General Motors CEO Mary Barra is taking her new mantra — we can and will our change our culture — to another Congressional hearing at 10 a.m. today. As difficult and disruptive as changing a brand’s image can be, overhauling the way a behemoth such as GM conducts its internal business is undoubtedly a much more challenging undertaking.
Barra’s prepared testimony before the U.S. House Committee on Energy & Commerce Subcommittee on Oversight and Investigations was posted to the GM investor relations website yesterday. After outlining eight specific actions the company is undertaking in response to the findings by former U.S. Attorney Anton Valukas in a company-funded investigation released earlier this month, Barra will state:
“I know some of you are wondering about my commitment to solve the deep underlying cultural problems uncovered in this report. The answer is I will not rest until these problems are resolved. As I told our employees, I am not afraid of the truth.
“And I am not going to accept business as usual at GM. It's time — in fact, it’s past time — to insist on total accountability and make sure that vital information is shared across all functions in our company… so we can unleash the full power of our 200,000 employees, our 21,000 dealers and our 23,000 suppliers.
A brief introduction to the prepared statement cautions, “As always, the spoken word is definitive.”
True. And one of the major problems with the culture at GM, apparently, is that no one was taking anything as “definitive.” In its June 6 story on the 315-page report by Valukas about the faulty ignition switch fiasco that brought GM’s cultural deficiencies into the open, a team of Wall Street Journal reporters pointed to a very telling paragraph:
“In the report, Ms. Barra was cited for a description of what she called the ‘GM Nod,’ or meetings where participants appeared to nod in agreement that action should be taken, then did nothing. Another official invoked the ‘GM Salute,’ or crossing arms and pointing toward other employees to indicate that ‘responsibility belongs to someone else, not me,’ the report said.
There is considerable skepticism about GM’s ability to change this sort of behavior in letters to the WSJ reacting to that story this morning, ranging from GM’s “firing junior engineers” rather than top executives to “the outsized power of unions within the organization such that union mentality inflicts its ways upon the whole organization.”
And this is not the first time GM’s stultifying culture has been called to task. As Automotive News pointed out in a piece Monday, the executive who “led Pontiac during the division's ‘We Build Excitement’ era in the early 1980s and looked like a CEO-in-waiting” was talking about GM’s “culture problem” three decades ago. What did that get Bill Hoglund, who died recently at 79? More telling, the piece suggests, is what it didn’t get him: the brass ring of leading the company.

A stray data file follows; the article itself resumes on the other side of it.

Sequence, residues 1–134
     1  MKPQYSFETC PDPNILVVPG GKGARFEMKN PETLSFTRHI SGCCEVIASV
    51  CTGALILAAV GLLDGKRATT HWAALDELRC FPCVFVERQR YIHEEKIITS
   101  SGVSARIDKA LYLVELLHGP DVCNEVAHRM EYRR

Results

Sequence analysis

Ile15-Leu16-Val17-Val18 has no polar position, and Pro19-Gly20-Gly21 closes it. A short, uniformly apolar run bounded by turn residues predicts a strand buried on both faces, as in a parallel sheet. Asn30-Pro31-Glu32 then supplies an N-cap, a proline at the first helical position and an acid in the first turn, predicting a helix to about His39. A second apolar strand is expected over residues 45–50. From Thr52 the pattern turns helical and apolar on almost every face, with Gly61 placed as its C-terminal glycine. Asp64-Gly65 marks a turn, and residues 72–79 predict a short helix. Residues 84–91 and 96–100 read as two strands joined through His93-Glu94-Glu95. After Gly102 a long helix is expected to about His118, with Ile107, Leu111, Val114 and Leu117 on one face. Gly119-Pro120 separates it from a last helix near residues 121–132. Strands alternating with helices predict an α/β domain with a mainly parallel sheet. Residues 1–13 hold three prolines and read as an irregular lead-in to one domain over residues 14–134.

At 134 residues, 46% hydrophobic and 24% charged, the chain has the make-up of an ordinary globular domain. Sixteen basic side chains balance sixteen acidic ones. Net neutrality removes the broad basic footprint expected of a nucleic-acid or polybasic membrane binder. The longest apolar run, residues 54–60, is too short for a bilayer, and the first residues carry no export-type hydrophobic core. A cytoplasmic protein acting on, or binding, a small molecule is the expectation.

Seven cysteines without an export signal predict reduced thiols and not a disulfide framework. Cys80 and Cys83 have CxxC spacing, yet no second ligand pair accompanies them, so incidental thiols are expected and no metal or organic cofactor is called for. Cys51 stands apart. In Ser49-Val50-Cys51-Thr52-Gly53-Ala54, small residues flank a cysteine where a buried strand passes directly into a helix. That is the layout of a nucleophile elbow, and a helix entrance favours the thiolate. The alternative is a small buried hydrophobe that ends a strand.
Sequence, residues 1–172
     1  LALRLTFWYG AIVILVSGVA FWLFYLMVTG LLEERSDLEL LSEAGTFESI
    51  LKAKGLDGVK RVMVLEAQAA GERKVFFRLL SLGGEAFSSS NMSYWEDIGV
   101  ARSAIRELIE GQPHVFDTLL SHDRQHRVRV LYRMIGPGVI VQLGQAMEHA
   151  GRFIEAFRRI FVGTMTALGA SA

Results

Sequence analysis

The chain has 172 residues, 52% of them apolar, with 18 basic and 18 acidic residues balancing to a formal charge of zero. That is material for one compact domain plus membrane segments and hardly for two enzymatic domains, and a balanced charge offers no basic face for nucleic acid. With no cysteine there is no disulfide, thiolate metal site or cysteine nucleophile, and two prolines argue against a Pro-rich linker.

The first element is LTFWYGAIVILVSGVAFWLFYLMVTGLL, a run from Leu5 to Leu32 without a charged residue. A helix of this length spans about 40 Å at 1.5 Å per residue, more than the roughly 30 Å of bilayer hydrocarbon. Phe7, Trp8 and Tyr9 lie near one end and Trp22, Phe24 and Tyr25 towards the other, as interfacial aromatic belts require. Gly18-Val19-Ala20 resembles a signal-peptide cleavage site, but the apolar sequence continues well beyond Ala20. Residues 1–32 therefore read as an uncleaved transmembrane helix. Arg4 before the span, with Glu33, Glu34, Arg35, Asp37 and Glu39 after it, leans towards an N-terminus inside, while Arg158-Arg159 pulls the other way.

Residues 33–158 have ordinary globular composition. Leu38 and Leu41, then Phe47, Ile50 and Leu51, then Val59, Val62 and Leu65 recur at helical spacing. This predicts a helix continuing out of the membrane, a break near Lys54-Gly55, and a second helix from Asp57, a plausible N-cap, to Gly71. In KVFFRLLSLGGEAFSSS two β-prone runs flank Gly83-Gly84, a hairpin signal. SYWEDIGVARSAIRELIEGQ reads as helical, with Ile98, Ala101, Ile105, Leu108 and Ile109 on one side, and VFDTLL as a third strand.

In a statement, House Energy and Commerce Committee Chairman Fred Upton tells Reuters that he will be pressing for “straight and honest answers” today and that “GM's work to restore drivers' confidence is far from over.”
But here’s the rub, as a Bloomberg hed informs us: “GM Weathering Storm Frustrates Congress as Barra Returns.” All of the recalls and all of the bad press “have yet to scare consumers away from dealer lots,” Jeff Plungis and Tim Higgins write.
Indeed, GM’s May sales were up 13%, the best performance since August 2008. And “of 24 analysts who evaluate GM tracked by Bloomberg, only 3 had negative recommendations for investors,” Plungis and Higgins reports.
Investigator Valukas will also testify today, summarizing his findings. The prepared statement states:
Throughout the decade that it took GM to recall the Cobalt, there was a lack of accountability, a lack of urgency, and a failure of company personnel charged with ensuring the safety of the company's vehicles to understand how GM's own cars were designed.
We found failures throughout the company — including individual errors, poor management, byzantine committee structures, lack of training, and inadequate policies.
Valukas concludes: “I understand that while this report answers many questions, it leaves open others,” citing two possible legal ramifications and the need for GM to “to ensure that this never happens again.”
The unmentioned question is whether the outrage over GM’s culture will remain a tempest in the teapots of its own boardroom, congressional committees, courtrooms and the media or if it will boil over to the consumer republic at large and eventually impact sales. Your bet?